The American West has been in what some are now calling a Millineum Drought. This is the worst drought in recorded history. Lakes like Powell and Mead are at historic lows. Fourteen states that rely on the water from these lakes for homes, communities, and farming are now considering drastic measures to ensure water is available to sustain life.
One area is seeing a very strange effect from the drought. Deep wells have been dug in the San Joaquin Valley of California to keep the crops alive. These crops feed much of the United States and other regions of the world. This drilling has tapped into ancient aquifers. The withdrawal of the aquifers has created a geologic void under the valley causing areas around the drill holes to collapse. In some cases, the land has fallen over 10 feet. Sinkholes are appearing. Home foundations and streets are cracking. Bridges that had several feet of clearance over water canals are now in jeopardy of being submerged.
When things get dry and what flows beneath the surface is drained away, the terrain and landscape above will change. This is not only true in the natural world, but it holds true in matters of the Spirit. When we allow our spiritual life to run dry relationships begin to sink, so does our hope in the future. We become joyless and lethargic in our faith. There is only one remedy for this challenge. We need a fresh encounter with Jesus. We don’t need another list of laborious resolutions, or a new church, or a new spouse. We simply need the water of God’s Spirit that flows without measure into the life of someone hungry to encounter the Lord.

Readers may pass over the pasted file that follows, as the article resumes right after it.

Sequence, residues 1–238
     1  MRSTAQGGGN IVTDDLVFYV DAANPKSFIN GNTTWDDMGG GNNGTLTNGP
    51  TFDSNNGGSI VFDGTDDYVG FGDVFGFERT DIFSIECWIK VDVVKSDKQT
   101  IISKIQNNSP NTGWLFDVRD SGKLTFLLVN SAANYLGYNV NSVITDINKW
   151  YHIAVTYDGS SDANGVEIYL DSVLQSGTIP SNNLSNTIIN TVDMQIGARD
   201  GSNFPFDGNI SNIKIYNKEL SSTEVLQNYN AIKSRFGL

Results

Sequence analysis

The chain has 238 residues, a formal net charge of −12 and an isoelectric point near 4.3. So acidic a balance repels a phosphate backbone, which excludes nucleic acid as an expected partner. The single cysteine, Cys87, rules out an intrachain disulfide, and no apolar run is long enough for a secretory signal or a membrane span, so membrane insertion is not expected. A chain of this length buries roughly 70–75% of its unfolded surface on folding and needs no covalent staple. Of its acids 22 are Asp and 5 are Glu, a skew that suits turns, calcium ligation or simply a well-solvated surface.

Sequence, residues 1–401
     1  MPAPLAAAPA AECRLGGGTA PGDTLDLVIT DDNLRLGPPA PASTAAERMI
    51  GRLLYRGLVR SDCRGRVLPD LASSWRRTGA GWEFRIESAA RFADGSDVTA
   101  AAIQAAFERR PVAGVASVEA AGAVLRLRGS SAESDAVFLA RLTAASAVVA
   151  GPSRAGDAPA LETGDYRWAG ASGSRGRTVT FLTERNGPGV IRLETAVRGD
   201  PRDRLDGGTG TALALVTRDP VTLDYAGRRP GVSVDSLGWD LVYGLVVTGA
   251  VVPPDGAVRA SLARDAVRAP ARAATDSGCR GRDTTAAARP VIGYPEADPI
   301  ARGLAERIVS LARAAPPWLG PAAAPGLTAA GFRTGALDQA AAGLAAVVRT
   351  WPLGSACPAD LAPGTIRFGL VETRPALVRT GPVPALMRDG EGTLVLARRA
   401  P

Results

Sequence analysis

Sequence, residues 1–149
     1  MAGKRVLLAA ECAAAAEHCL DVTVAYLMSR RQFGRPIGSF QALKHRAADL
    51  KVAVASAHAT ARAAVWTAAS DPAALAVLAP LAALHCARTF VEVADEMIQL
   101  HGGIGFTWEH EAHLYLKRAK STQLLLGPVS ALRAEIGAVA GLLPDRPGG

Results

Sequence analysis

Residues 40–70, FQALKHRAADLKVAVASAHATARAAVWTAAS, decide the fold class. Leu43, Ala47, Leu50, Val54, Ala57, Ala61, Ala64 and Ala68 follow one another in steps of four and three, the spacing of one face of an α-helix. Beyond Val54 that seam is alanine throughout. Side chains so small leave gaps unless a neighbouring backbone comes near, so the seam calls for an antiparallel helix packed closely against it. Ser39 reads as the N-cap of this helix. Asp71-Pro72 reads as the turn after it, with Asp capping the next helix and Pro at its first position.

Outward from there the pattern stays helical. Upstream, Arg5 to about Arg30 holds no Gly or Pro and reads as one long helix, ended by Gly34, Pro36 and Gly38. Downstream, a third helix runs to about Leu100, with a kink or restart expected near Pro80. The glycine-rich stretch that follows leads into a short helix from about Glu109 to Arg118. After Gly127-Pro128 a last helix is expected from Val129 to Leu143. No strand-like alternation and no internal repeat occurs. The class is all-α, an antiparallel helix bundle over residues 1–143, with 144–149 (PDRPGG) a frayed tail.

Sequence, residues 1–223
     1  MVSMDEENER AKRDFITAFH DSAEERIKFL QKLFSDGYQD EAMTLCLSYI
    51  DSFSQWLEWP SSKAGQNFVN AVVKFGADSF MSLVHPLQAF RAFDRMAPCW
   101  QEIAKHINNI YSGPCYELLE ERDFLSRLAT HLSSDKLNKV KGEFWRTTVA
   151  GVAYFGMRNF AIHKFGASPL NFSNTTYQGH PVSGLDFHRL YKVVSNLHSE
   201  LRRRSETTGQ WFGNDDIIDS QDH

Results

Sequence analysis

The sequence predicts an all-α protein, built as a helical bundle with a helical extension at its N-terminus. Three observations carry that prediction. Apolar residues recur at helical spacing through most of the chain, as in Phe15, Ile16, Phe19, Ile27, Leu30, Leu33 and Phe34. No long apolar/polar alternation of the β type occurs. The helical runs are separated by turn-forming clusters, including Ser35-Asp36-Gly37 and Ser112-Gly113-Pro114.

There are a lot of believers who have spiritually run dry in the last year. They are in a personal drought brought on by the sorrows and disappoints of life never pausing to get refilled in the process. Today, if you are dry, call on the Lord to refresh and replenish your soul. He will restore your emptiness and strengthen the foundations of your life shoring up what remains helping you get to the other side of this dry season. A drought of hope will always end when we experience a fresh encounter with Jesus Christ.
This is an updated edition of a post originally published on Garris Elkins